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Discussion Starter · #1 ·
I like streaming HD videos on my Blu-Ray player. The problem is, I always get buffering issues when using Netflix or Vudu. Despite having a terrific dual-zone router and being only 30 feet away, the Blu-ray player just can't do the job wirelessly (for one thing, it won't connect at 5GHz). The solution I am thinking of involves running a network cable from my home office, where the router is, to the Blu-ray player.


I want to use a solid core cable because I need about a 75 foot length. That's too long for a patch cable. Can I use a faceplate in my office and not lose any performance? Can I use a twisted patch cable in the office, connect it to a faceplate, then run solid cable from there to a faceplate in my living room, and run a twisted patch cable from there to the Blu-ray player without any loss of performance? Are there Cat6 faceplates?


I am wondering if you use both solid and twisted, you get the performance of the twisted.


Thanks in advance for the advice!
 

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Solid wiring in the wall and stranded patch cords between the wall and the device is standard. As for the wall plates, just get ones that accept keystone jacks and use Cat6 keystone jacks.
 

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Monoprice would be a good source for a 100 foot in-wall rated cat6 patch cable with connectors on the ends. It's in-wall rated. Has male connectors, like a patch cord. I don't know how one would use keystone wall plates with it. A pass-through 'scoop'/'nose' wallplate might be much easier.


$12.

http://www.monoprice.com/products/pr...1&format=6#faq


Pre-terminated avoids the hassle of adding connectors, but it's pretty cheap to punch down female keystone connectors onto the ends. Not sure, but HD/Lowes may sell bulk cat6 by the foot.
 

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Quote:
Originally Posted by Erickson00
I want to use a solid core cable because I need about a 75 foot length. That's too long for a patch cable.
No, actually, it's not. But a nice permanent solution in the wall is a good plan!

Quote:
Can I use a faceplate in my office and not lose any performance? Can I use a twisted patch cable in the office, connect it to a faceplate, then run solid cable from there to a faceplate in my living room, and run a twisted patch cable from there to the Blu-ray player without any loss of performance? Are there Cat6 faceplates?
Yes. Yes, and Yes.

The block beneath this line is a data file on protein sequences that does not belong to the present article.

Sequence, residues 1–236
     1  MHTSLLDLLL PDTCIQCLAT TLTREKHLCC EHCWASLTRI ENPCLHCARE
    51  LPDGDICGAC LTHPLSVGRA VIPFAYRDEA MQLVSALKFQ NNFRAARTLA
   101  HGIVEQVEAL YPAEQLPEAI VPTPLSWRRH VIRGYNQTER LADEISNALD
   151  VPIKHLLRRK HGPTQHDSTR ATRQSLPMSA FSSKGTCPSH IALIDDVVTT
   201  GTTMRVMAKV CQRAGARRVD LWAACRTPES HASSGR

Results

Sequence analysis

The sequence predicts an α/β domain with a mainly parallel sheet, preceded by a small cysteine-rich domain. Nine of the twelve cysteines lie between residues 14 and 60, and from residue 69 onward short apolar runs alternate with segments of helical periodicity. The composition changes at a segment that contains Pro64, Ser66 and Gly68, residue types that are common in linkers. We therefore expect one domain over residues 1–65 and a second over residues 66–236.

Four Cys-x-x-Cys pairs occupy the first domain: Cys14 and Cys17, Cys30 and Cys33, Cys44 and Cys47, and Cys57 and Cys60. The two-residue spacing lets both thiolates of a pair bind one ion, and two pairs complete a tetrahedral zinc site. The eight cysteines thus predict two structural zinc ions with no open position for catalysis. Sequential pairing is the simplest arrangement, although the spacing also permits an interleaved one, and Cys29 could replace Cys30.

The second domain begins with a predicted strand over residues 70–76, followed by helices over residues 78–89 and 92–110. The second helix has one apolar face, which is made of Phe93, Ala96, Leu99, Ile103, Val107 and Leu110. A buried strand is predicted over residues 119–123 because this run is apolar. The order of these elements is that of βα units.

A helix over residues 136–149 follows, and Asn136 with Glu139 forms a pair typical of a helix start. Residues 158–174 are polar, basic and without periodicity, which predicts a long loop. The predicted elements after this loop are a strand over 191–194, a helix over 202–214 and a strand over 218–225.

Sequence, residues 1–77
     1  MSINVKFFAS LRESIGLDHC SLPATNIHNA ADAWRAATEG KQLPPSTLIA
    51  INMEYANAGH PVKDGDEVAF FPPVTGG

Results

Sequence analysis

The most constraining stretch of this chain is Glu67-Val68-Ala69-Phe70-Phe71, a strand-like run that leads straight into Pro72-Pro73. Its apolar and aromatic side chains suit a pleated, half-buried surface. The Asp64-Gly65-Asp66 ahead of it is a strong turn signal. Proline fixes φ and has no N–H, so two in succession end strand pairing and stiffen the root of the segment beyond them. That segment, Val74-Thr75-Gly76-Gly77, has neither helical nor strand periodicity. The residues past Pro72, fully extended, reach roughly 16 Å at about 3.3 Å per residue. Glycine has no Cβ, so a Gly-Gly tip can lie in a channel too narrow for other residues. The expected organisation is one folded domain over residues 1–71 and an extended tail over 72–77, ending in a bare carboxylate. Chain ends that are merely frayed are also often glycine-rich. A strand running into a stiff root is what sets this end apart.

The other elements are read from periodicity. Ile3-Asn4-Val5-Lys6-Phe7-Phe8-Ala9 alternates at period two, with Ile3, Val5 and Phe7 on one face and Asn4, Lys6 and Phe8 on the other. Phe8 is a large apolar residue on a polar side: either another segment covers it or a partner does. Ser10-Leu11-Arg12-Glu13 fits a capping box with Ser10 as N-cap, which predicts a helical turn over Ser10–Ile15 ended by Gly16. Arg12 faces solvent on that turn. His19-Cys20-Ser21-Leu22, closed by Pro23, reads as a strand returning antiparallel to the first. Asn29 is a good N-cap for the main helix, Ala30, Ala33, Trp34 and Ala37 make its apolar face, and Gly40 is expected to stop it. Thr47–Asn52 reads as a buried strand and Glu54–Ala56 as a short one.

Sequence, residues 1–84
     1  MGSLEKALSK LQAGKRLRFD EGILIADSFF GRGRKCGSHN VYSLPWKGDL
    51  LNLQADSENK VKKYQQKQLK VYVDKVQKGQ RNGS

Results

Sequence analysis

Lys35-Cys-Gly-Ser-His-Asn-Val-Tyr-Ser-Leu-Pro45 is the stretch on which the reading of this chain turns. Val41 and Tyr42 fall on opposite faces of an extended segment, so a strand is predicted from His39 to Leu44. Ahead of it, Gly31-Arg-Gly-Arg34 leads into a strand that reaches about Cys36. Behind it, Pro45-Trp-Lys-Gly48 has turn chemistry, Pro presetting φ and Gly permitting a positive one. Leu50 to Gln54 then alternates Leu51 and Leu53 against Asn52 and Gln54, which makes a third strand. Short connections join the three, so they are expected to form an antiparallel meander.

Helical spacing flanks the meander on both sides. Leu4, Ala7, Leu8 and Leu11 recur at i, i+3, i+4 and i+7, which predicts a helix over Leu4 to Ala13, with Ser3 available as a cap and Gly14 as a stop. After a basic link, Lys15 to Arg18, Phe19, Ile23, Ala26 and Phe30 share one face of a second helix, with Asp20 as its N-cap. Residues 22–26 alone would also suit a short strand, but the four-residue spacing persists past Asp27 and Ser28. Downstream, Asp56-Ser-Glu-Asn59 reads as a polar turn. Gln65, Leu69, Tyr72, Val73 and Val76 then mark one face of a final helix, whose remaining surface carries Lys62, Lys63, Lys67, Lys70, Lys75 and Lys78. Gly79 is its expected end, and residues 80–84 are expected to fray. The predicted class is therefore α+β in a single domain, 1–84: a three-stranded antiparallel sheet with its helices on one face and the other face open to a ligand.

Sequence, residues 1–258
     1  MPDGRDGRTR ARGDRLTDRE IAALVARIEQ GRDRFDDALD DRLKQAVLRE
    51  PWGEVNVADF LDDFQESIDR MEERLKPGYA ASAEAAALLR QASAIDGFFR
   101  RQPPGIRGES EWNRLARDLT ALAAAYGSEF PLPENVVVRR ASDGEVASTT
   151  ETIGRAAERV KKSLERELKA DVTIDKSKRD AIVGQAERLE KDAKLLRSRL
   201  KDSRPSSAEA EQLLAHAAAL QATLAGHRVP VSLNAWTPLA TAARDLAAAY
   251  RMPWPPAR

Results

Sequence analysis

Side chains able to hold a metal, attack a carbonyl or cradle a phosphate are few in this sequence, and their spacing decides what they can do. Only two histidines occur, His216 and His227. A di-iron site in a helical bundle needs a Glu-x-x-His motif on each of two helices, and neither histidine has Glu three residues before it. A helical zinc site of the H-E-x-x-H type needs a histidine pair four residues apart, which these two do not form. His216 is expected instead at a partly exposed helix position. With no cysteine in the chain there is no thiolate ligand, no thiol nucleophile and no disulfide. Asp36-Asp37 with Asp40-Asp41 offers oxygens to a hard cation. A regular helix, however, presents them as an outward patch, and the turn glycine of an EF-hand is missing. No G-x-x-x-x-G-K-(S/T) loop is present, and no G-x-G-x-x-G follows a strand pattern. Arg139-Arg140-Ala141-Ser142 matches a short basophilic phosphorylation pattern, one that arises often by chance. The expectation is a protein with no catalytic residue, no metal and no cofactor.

Quote:
I am wondering if you use both solid and twisted, you get the performance of the twisted.
You won't see any performance difference, certainly not at this length...



Jeff
 

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Quote:
Originally Posted by Erickson00
I like streaming HD videos on my Blu-Ray player. The problem is, I always get buffering issues when using Netflix or Vudu. Despite having a terrific dual-zone router and being only 30 feet away, the Blu-ray player just can't do the job wirelessly (for one thing, it won't connect at 5GHz). The solution I am thinking of involves running a network cable from my home office, where the router is, to the Blu-ray player.


I want to use a solid core cable because I need about a 75 foot length. That's too long for a patch cable. Can I use a faceplate in my office and not lose any performance? Can I use a twisted patch cable in the office, connect it to a faceplate, then run solid cable from there to a faceplate in my living room, and run a twisted patch cable from there to the Blu-ray player without any loss of performance? Are there Cat6 faceplates?


I am wondering if you use both solid and twisted, you get the performance of the twisted.


Thanks in advance for the advice!


Either or will work just fine. In fact, you don't even need cat6E. However, if you decide to do it, buy pre-terminated patch catch cable/jacks, or invest in a nice crimper. You can always go the 'ez rj45' route so you won't mess up 6E cables.
 

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Quote:
Originally Posted by Colm
Solid wiring in the wall and stranded patch cords between the wall and the device is standard. As for the wall plates, just get ones that accept keystone jacks and use Cat6 keystone jacks.
Exactly.

Plus, punching down wires is a lot easier than crimping. Just remember to keep the twists in the wire tight right to the terminal.


Also, I keep with me a 200' Cat5e patch cable for testing purposes. I recently had to use it at my own house and was able to reach max HD speeds, so no, there are no issues with that even though technically the max is 33'.
 

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Discussion Starter · #7 ·